Claire Messud on Women Writers

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10 February 2010

Interesting piece by Claire Messud at Guernica about the dearth of women writers on major awards lists:

Just over ten years ago, the Modern Library compiled a list of the 100 best novels of the twentieth century: only nine of them were by women, and Edith Wharton accounted for two books… When, in 2006, the New York Times ran a list of the best American fiction of the past twenty-five years, Toni Morrison’s Beloved was pronounced the winner; but she and Marilynne Robinson (forHousekeeping) were the only women out of twenty-two titles (and that’s counting Updike’s Rabbit tetralogy and McCarthy’s Border trilogy as a single book each). Just last September, when the international literary magazine Wasafiri solicited responses from twenty-five global writers about the work that has most shaped world literature over the past quarter century, just four women—Elizabeth Bishop, Mildred Taylor, Toni Morrison, and Quarratulain Hyder—were on the list. And this is in a world where women account for 80 percent of fiction readers[…]

Here’s the deal: men, without thinking, will almost without fail select men. And women, without thinking, will too often select men. It’s a known fact that among children, girls will happily read stories with male protagonists, but boys refuse to read stories with female protagonists. J.K. Rowling was aware of this: if Harry Potter had been Harriet Potter, none of us would know about her.

And we don’t change our spots when we grow up. Last year, I was one of nine judges awarding an international literary prize for a writer’s body of work. Each of us nominated a candidate, and five of us were women; but only one of our nominees—only one out of nine—was female. (I myself enthusiastically nominated a man.) Our cultural prejudices are so deeply engrained that we aren’t even aware of them: arguably, it’s not that we think men are better, it’s that we don’t think of women at all.

The stats are indeed shocking; but Messud’s explanation doesn’t sit right with me.   First, the implication that my passion/admiration for the work of a number of male writers is rooted in some kind of mindless pre-programming strikes me as off-mark, even a little preposterous.

Second, we “don’t think of women at all”?  I can’t think of any women writers or readers to whom this applies.  So I really can’t say why Messud’s group of judges nominated only one woman.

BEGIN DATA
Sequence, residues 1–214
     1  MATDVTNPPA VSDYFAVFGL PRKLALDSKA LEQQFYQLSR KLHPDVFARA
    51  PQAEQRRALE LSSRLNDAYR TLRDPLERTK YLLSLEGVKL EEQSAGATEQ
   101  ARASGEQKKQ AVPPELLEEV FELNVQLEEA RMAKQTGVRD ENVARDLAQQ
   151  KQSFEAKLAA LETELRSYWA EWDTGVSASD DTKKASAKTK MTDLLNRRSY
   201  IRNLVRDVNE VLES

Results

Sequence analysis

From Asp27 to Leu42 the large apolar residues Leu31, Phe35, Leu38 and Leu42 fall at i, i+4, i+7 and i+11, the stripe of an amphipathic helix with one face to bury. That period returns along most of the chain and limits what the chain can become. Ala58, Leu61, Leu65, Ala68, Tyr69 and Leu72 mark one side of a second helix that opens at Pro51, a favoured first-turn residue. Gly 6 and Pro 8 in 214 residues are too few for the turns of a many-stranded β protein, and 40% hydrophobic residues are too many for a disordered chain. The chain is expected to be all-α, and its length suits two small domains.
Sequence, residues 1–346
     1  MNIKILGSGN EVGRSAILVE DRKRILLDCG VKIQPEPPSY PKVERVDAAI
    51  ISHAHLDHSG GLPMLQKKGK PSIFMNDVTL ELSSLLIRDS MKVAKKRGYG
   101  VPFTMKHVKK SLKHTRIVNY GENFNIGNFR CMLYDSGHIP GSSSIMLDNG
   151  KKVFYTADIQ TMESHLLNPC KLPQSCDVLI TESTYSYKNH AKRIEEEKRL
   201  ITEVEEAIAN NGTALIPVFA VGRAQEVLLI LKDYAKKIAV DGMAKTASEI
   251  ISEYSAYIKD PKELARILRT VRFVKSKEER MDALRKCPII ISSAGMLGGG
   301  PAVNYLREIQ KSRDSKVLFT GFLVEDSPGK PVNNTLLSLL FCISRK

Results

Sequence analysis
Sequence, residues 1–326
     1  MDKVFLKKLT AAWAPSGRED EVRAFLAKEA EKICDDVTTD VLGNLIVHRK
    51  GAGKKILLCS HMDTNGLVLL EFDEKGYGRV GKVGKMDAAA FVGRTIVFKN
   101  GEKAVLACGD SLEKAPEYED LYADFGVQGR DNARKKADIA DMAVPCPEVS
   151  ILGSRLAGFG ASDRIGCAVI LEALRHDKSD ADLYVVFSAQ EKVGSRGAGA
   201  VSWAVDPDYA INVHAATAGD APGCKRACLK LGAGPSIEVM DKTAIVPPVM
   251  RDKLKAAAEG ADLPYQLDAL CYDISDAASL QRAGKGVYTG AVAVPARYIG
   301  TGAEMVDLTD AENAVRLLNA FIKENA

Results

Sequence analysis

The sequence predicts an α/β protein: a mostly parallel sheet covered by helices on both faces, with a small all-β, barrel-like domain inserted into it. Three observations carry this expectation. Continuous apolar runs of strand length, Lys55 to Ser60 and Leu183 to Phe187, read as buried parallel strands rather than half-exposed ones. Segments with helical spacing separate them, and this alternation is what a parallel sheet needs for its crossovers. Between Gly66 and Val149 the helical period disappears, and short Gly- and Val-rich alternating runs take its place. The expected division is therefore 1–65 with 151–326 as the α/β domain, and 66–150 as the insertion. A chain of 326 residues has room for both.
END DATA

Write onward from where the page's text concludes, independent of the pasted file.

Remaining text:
A counterexample to Messud’s argument would be the case of the notorious 2004 National Book Award, where all five nominees were women; that year, the panel of judges was comprised of 3 men and 2 women, chaired by a man (Rick Moody).   There was indeed hoopla over that, but as I recall, much of it had to do with the fact that the five writers were not “celeb” writers, i.e. none of them were household names with big sales numbers. (All of them were/are superb novelists.)

I recently had an interesting email exchange with an elder male writer whose work I admire a great deal.  I asked him which female writers he admires; he provided the following (wonderful) list, “in no particular order,” which I share with you, I suppose, as part of the Yes We Do Think of Women campaign:

Sybille Bedford
Dorothy Parker
MFK Fisher
Margeurite Duras
Simone de Beauvoir
Jane Austen
Colette
Margaret Atwood
Isak Dinesen
Elizabeth Bishop

Perhaps this particular writer has not been tapped often enough for awards committees…

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3 Responses to “Claire Messud on Women Writers”

  1. margosita Says:

    “First, the implication that my passion/admiration for the work of a number of male writers is rooted in some kind of mindless pre-programming strikes me as off-mark, even a little preposterous.”

    I didn’t really see that implication in her essay. I think Messud is making the argument that when it comes to big prizes and acclaim, male writers are often the defualt. It’s a common theme in our culture, inside writing and outside of it. I think her point that if Harry Potter were Harriet Potter no one would have read JK Rowlings novels is true. We don’t ask boys to read about girls and “womwen writers” is still a distinct group from “writers.” Not that we need to feel guilty about loving male writers or feel that the only reason we are drawn to them is because of “mindless preprogramming.” But even the fact that we ask each other about lists of female writers to admire speaks to this phenomenon. We do think of them, but we think of them separately from other writers. Of course it is notable when there is a year when the National Book Award included a list comprised soley of women. It’s business as usual when the list is comprised soley of men.